A Bryn Mawr businessman was sentenced to 6 1/2 years in jail yesterday for his role in a scheme to bilk homeowners, finance companies and title insurers in connection with mortgage refinancings.
Jay Berger, 56, of Bryn Mawr, apologized to the government, his family and victims, saying he had "destroyed" his family and his reputation and "betrayed" those with whom he worked.
But U.S. District Judge Michael M. Baylson said Berger had "come belatedly" to his remorse and "caused grave injury to the homeowners who trusted you."
Then, despite objections by his defense lawyer, Jerome Brown, Baylson ordered Berger taken into custody immediately.
"This case calls for immediate incarceration. This has to come to an end, and today's the end," Baylson said, adding, "he's just been in denial too long. Today is the end of denial and the beginning of reality."
Berger pleaded guilty in August to one count of mail fraud affecting a financial institution.
Authorities said Berger bilked homeowners, finance companies and title insurance companies out of approximately $4.6 million between April 2000 and December 2004.
Court papers said Berger acted as a mortgage broker, settlement agent and title insurance agent for real-estate refinancings.
Berger or his assistants would attend closings related to loan refinancings. Lending institutions would wire money to an account in Berger's name and he was obligated to pay off the original mortgage.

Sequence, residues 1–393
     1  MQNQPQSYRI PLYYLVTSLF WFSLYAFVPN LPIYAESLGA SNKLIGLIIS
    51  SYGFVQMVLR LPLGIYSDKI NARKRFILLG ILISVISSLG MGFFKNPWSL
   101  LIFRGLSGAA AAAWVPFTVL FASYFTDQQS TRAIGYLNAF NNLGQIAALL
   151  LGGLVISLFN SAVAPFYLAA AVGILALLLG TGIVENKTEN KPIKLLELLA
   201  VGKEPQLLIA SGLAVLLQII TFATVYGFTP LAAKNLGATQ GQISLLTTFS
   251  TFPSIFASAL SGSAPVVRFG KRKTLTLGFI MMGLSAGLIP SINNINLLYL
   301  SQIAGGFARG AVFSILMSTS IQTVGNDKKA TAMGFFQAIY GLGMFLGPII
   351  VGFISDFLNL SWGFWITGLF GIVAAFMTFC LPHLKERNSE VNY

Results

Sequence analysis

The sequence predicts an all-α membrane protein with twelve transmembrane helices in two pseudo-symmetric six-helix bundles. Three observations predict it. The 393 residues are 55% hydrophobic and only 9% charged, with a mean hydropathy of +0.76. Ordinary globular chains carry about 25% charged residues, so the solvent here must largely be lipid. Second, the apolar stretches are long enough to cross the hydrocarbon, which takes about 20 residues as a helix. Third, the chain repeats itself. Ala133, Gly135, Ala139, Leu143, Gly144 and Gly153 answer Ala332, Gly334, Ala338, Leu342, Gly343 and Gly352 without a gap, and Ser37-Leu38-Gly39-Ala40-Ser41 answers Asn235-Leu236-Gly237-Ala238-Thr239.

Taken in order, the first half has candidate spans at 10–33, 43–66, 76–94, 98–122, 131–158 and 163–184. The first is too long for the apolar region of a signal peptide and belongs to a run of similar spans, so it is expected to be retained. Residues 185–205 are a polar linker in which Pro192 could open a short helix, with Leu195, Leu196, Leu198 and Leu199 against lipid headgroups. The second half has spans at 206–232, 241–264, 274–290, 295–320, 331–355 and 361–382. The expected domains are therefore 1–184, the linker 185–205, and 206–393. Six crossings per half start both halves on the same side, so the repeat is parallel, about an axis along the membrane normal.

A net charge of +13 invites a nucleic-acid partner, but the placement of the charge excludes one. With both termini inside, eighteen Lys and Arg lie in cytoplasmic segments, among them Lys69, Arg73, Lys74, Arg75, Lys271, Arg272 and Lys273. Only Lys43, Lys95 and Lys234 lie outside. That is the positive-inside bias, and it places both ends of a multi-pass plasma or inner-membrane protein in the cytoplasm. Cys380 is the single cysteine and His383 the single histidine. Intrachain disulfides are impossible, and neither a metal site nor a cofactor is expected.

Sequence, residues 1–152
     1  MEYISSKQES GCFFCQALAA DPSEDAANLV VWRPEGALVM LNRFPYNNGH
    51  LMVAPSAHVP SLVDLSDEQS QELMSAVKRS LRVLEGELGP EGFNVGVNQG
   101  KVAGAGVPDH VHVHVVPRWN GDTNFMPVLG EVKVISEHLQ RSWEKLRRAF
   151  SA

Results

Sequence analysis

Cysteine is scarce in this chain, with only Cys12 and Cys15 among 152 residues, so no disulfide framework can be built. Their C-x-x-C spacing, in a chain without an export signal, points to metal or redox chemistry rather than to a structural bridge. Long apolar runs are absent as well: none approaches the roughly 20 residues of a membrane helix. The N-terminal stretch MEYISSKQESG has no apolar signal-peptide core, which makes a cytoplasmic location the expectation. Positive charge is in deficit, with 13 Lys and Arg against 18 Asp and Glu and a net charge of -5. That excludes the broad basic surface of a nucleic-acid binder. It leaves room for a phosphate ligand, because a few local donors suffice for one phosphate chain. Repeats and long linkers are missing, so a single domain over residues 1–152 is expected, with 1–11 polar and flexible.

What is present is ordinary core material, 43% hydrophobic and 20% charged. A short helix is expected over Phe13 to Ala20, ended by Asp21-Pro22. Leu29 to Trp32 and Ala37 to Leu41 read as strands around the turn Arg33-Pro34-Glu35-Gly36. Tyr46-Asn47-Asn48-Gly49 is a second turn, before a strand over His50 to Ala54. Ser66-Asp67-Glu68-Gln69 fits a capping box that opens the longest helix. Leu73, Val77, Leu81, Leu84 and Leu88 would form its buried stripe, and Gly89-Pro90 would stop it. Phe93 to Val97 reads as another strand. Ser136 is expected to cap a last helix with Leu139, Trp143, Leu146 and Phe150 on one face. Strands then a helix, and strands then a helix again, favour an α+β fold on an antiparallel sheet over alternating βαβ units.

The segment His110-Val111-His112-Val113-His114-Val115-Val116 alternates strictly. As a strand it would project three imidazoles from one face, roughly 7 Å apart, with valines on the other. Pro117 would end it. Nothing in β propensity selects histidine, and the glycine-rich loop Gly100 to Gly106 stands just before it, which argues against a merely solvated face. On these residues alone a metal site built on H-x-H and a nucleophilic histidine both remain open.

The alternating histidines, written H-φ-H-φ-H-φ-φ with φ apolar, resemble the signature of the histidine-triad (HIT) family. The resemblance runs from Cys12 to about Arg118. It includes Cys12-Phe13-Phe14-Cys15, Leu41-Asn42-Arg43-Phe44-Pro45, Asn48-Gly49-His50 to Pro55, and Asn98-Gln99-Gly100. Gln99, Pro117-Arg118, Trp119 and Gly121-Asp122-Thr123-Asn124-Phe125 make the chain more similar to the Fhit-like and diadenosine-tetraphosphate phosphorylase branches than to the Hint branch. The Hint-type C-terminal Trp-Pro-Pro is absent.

Authorities said that in at least 14 instances, Berger did not pay off the first mortgage, as the homeowner, the first mortgage company, the new mortgage company and the title insurance company expected him to do.
Instead, he would make some mortgage payments on the first mortgage but keep the bulk of the money for himself.
Thus, homeowners were unknowingly liable on two mortgages instead of one. Finance companies that held the existing mortgages were not paid off when the homeowner refinanced, and title companies were subject to losses when homeowners were not in a position to pay on more than one mortgage for the same property.
Assistant U.S. Attorney Judy Goldstein Smith said a number of homeowners suffered, and faced years of civil litigation, destroyed credit or foreclosure on their homes.
One of those homeowner-victims testified yesterday.
Patricia Simpson was contacted in June 2004 by her first mortgage holder to tell her her mortgage was in arrears.
She thought the note had been paid off when she refinanced in April 2004.
Simpson told Baylson the experience has been a "total nightmare," and she was unable to buy anything on credit or get college or car loans.
Simpson only recently learned that the first mortgage on her home was finally settled. *